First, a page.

A Night in the Theatre





Here in Tanzania, one thing we have learned is that no matter how well structured, well thought out and planned our day is, things don’t follow a schedule or a predictable pattern. The more you push, the more it resists.

Last night, after a sunset walk up Ngangu hill and a casual dinner, Isabelle, Rachel and I were just settling in to our evening routine of pyjamas and a game of cards around the table. We had just started to halfheartedly play yet another game of gin rummy while yawning sleepily, when our night took an unexpected turn; Dr. Victor Kyaruzi, our friend living in the visitor centre with us and a visiting doctor at Kilema Hospital, burst through the door at 8:15 PM with an excited grin on his face. Standing in the doorway, obviously in a hurry, he enthusiastically announced that he was about to preform a C-section surgery, and we should all join him to watch! It was something we had earlier expressed interest in seeing, when the possibility of it actually happening didn’t seem nearly quite as real. Surprised and eager, the three of us jumped to our feet, leaving our once preciously held cards in a forgotten mess splayed over the table top as we scrambled and scurried to gather our sandals and head out the door. We headed into the warm night on our way to the operating theatre, less than a minute’s walk away, wondering what was to come.


“Will these fit you?” asked Dr. Victor, referring to a pair of Women’s size 9 rubber boots that I was going to have to wear in the operating theatre during the emergency caesaren section I was about to assist him with. I shrugged and then crammed my size 13 feet into them, appreciating the pain that a young Chinese girl from a bygone era must have felt having her feet bound. Draped in a surgical gown that could easily be worn as a warm layer on a cold winter day and nearly immobile in my boots, I felt even more trapped than when packed into a dalla dalla-the local Toyota minibus not bigger than a minivan, which in North America would be configured to accommodate maybe 10 passengers, but here it is setup for 20 yet is routinely packed with 25 people! Sweating like in a sauna I was afraid I would perspire into the young woman’s abdomen, but I was overjoyed to share this experience with Claire, Isabelle, and Rachel, knowing it would have a powerful effect on them.


We donned the worn, light-blue scrubs, scrubs caps, white rain boots, and child-sized face masks covered in Disney characters. After a brief wait, which Victor lamented, hoping it would not lead to any complications, my dad and Victor scrubbed in. The young soon-to-be mother was wheeled in and prepped. Now in the OR, as the general anaesthetic (ketamine) was administered to the 17-year old mother, the doctors and nurses uttered a comforting, traditional prayer. This striking moment is recalled differently by each of us: Claire tells me later she found this prayer calming and reassuring; in the moment, I think I found it somewhat more unnerving, as if the doctors and nurses were calling on some higher power to keep the mother and baby safe, in the absence of high-tech medical equipment and a surplus of supplies.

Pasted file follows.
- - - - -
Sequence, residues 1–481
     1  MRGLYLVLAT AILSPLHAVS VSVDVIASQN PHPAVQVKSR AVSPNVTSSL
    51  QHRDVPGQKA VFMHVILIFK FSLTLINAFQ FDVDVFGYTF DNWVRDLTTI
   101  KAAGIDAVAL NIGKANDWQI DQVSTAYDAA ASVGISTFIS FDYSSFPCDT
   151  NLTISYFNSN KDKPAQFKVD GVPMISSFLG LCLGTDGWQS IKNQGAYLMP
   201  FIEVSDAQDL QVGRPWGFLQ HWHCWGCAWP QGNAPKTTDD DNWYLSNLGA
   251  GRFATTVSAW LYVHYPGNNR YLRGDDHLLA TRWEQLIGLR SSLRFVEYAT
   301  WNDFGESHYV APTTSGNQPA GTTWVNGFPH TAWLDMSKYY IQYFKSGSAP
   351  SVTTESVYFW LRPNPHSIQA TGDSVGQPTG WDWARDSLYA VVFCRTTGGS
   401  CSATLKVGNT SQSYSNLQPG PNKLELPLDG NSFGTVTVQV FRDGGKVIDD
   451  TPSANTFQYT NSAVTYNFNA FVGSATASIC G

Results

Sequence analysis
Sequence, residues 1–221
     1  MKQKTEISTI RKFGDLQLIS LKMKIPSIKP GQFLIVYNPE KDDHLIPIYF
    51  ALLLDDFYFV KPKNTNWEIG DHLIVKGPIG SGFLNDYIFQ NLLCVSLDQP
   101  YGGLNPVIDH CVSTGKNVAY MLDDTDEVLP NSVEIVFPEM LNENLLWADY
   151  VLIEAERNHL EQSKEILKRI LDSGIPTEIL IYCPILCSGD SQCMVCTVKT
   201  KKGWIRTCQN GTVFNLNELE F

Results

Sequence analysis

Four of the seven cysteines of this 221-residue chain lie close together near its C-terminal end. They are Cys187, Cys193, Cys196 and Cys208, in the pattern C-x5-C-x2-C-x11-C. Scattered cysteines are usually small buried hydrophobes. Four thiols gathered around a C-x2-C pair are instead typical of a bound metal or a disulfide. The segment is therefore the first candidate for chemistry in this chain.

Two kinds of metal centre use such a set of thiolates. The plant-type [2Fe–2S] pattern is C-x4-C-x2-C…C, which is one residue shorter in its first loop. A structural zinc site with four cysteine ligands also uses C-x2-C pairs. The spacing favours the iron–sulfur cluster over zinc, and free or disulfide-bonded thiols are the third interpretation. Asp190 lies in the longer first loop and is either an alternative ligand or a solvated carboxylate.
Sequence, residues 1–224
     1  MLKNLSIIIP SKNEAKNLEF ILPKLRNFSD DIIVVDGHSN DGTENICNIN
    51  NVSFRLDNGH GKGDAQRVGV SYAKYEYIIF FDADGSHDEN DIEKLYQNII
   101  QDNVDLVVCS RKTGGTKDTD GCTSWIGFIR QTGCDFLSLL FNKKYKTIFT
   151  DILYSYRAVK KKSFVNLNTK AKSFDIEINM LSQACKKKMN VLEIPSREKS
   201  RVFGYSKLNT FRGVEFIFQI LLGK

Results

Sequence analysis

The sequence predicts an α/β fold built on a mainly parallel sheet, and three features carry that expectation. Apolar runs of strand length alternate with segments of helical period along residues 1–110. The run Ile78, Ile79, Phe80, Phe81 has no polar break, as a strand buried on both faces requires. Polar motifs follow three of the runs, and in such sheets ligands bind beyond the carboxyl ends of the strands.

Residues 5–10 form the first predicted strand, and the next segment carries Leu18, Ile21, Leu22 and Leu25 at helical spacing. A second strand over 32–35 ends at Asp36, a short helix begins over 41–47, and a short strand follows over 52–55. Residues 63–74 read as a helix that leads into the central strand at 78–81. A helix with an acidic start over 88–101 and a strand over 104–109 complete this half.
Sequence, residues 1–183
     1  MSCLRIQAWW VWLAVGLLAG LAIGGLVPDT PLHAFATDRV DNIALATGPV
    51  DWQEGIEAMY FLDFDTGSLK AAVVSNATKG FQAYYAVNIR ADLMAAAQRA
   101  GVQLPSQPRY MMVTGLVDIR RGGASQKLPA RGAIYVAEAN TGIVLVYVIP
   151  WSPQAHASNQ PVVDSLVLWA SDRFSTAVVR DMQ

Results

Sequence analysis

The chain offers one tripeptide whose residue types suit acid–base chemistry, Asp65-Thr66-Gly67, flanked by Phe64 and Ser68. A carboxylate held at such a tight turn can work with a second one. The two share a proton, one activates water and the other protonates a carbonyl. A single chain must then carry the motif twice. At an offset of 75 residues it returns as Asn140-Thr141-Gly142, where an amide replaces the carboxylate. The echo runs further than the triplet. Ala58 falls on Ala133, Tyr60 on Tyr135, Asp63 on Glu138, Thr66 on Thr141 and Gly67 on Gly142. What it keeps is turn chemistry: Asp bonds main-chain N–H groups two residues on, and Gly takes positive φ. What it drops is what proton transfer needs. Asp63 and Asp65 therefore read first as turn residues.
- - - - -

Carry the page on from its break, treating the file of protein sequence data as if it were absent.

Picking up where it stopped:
A baby girl was born that night, and we saw the whole thing.

With my dad assisting (and looking, really, just like my regular old dad, me baffled that he was in fact assisting in this delivery, in Tanzania, Africa, at 9 o’clock at night when he’d been lying in bed only 20 minutes before…), Dr. Kyaruzi made a long incision into the young woman’s large, stretch mark-streaked abdomen, her dark skin separating to reveal white fat, lots of blood. Down he cut through the layers of fascia and muscle, both he and Dr. Steve reaching their hands in, pulling outwards with great force to widen the opening and expose the purple uterus.

A cut is made, fluid and blood gushes; the amniotic sac has been broken. Suddenly, a dark head of hair is exposed! Victor urges my dad to push on the woman’s abdomen, push harder, to help force the baby out. The head is large. It’s taking too long, we all think. Why isn’t the head coming out? Isabelle, Claire and I hold our breath, I clasp my hands in front of my face. Finally, after much tension and pushing and pulling and silent prayer, the big, dark, curly head is freed. In a flurry of hands and pulling, the shoulders and body are swiftly delivered; this small life is brought into the world. Collectively, we girls gasp.

All I can think is, the baby is so blue…it’s not supposed to be that colour. The umbilicus is cut, though I don’t recall seeing it; the baby is whisked over to the back of the OR to a small metal tray. “So, it’s a girl?” Isabelle says. In the action I didn’t even hear the nurse announce this, but she did. A baby girl.

It is too silent; no crying yet fills our attentive ears. We 3 girls walk over to the baby, concerned, while Victor and Steve remain entirely focused on the mother, entirely professional. An ambu bag is brought over, the baby is bagged and her tiny lungs are pumped by the anaesthesiologist. The nurse and anaesthetist take turns flicking, smacking, and poking the baby girl, urging her to cry or cough or breathe. She is so pale, so grey-blue. A vial of adrenaline is grabbed from a nearby cupboard and injected into her tiny left thigh. Slowly, amid the manual breaths, she appears to start moving her mouth. “She’s coughing!” Isabelle and I quietly exclaim in unison. Just a tiny little bit, but it’s something, enough to relieve us.